Connect with us


How To Keep Your Car In Bankruptcy



Your Car In A Bankruptcy


Filing for bankruptcy may seem like a last-resort option when you’re struggling financially, but it’s important to be aware that your assets may be impacted during the bankruptcy process. This includes items such as your vehicle.

For many people, personal loans are a more secure way to borrow money than using credit cards. With a personal loan, you typically put up collateral, such as your car, to secure the loan. This means that, should you default on the loan, the lender can legally repossess your collateral.

Cars are a vital part of many people’s lives, whether they use them for commuting to work or taking care of an elderly parent. That’s why it’s important to know that you can keep your car even during bankruptcy.

Bankruptcy Options For Car Loans

Editorial Credit: William Potter

You may have a few options available to you if you have an outstanding balance on your car loan before declaring bankruptcy.

1. You Should Reaffirm Your Current Car Loan

In bankruptcy, there are two different positions that creditors can take with car loans. The majority of them require that you sign a reaffirmation agreement that is approved by the court. This agreement is legally binding and filed with the bankruptcy court. It states your promise to repay all or part of a debt that would otherwise be discharged in your bankruptcy case.

Many lenders require that you sign an agreement before they will provide you with statements or report payments to the credit bureau. In many cases, failure to sign this agreement is considered a breach of the loan terms and may result in repossession of the vehicle.

Outcome: Signing the reaffirmation agreement means you can keep your car.

Who this is ideal for: Some people are confident that they will be able to make their loan payments on time.

How to do it: You have 60 days from your first meeting with creditors to reaffirm your debt. The creditor must agree to the reaffirmation and it must be filed with the court.

2. Make Payments On The Car And Keep It

You don’t have to sign a reaffirmation agreement to keep making payments on your loan. Just make sure your payments are current, and you may not get monthly statements after filing for bankruptcy. You’ll need to call the lender to find out when the balance is paid off.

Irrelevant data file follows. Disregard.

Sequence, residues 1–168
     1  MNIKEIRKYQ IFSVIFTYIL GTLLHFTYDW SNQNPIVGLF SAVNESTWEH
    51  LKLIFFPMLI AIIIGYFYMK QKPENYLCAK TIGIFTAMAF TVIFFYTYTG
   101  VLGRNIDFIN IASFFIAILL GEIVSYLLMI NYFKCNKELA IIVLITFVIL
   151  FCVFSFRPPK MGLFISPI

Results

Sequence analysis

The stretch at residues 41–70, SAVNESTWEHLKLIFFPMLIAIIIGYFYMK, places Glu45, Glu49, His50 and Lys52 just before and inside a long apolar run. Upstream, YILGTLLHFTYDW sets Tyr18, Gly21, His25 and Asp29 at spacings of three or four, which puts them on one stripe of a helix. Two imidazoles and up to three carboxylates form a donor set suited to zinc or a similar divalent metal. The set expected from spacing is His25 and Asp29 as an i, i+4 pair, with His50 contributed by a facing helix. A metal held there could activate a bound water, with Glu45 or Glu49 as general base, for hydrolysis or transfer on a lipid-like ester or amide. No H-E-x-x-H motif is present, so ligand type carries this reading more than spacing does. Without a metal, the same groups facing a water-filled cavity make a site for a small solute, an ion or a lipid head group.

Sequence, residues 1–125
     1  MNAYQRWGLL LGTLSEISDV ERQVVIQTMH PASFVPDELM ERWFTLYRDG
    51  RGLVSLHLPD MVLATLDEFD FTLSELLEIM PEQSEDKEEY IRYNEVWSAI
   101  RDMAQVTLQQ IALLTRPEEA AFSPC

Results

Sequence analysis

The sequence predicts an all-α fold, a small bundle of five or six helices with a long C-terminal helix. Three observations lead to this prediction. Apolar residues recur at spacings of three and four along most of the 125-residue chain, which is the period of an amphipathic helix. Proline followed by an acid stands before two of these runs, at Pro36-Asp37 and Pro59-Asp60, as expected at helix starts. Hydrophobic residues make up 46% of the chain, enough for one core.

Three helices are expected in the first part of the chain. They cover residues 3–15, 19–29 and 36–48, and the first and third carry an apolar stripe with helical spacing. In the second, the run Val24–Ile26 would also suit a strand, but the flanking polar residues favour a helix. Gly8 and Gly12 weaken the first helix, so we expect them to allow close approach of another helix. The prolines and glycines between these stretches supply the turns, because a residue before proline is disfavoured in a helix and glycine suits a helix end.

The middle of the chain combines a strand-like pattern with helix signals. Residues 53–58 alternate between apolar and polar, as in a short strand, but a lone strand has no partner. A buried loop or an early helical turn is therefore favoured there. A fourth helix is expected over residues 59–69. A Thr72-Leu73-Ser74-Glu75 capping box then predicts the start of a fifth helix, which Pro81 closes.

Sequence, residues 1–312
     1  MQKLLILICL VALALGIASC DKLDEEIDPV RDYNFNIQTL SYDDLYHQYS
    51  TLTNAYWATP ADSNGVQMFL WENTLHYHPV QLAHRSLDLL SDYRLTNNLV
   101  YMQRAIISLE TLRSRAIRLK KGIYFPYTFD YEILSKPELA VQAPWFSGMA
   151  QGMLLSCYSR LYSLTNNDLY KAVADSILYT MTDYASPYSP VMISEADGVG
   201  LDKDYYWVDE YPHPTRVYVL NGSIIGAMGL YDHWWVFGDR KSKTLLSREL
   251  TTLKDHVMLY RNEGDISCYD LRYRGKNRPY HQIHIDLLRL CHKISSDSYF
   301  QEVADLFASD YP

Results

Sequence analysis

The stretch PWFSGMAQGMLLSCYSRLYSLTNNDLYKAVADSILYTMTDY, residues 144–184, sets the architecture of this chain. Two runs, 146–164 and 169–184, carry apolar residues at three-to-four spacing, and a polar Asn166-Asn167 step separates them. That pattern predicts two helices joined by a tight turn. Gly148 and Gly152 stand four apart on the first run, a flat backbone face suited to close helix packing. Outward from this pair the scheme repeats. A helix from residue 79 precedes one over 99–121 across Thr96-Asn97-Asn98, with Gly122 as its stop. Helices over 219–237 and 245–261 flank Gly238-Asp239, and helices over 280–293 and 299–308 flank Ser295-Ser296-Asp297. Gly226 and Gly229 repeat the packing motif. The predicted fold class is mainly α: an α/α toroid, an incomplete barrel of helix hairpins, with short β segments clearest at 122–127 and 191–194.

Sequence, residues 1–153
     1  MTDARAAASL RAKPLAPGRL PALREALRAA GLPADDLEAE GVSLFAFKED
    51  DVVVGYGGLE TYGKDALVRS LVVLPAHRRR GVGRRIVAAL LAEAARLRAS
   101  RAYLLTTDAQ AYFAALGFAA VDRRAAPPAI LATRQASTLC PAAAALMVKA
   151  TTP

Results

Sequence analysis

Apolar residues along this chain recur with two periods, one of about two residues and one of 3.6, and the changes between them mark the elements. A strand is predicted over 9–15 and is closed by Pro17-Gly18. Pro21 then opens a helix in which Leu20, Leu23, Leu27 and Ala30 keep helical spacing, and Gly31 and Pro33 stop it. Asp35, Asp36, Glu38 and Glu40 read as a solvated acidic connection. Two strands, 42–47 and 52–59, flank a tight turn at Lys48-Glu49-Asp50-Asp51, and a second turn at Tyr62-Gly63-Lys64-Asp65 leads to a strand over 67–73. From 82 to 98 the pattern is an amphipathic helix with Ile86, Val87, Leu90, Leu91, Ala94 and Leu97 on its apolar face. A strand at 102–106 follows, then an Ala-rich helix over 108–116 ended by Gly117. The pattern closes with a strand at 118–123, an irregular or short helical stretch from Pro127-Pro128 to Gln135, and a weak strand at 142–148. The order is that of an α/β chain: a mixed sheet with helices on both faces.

Outcome: Don’t worry about your car.

Who this is ideal for: Different people have different levels of income. Some people are more disciplined than others when it comes to making loan payments.

How to do it: Speak with your lender to see what options are available to you regarding early repayment of your loan.

3. Find A New Lender To Redeem The Car Loan

Bankruptcy law permits a car owner to reduce the current car balance to the car’s fair market value. This can be done by taking out a new loan with a different lender. For example, say you owe $15,000 on your car loan and the car is only worth $10,000. You may be able to reduce your car balance by $5,000 with a new post-bankruptcy loan. To apply for this loan, you will need to get judicial approval.

You and your car lender will likely have different opinions on what your car is worth. You may be able to negotiate a settlement between yourselves, or you may have to wait for a judicial decision on fair market value.

Outcome: Even though your current lender may not be willing to work with the new car loan value, other lenders may be more flexible.

Who this is ideal for: Many people choose to trade in their car when they owe more money on the loan than the car is worth.

How to do it: Applying for a loan with a new lender is the best way to get judicial approval for redemption. Submitting a motion to redeem, along with the new loan offer, is all that is needed to get started.

4. Contact The Lender Directly And Negotiate

It is possible to negotiate with some lenders to lower the balance of your loan to the fair market value of the vehicle without needing to redeem it. Credit unions are more likely than other types of lenders to offer this service. However, most lenders will not be willing to do this. It is still worth inquiring with your lender once you have filed for bankruptcy.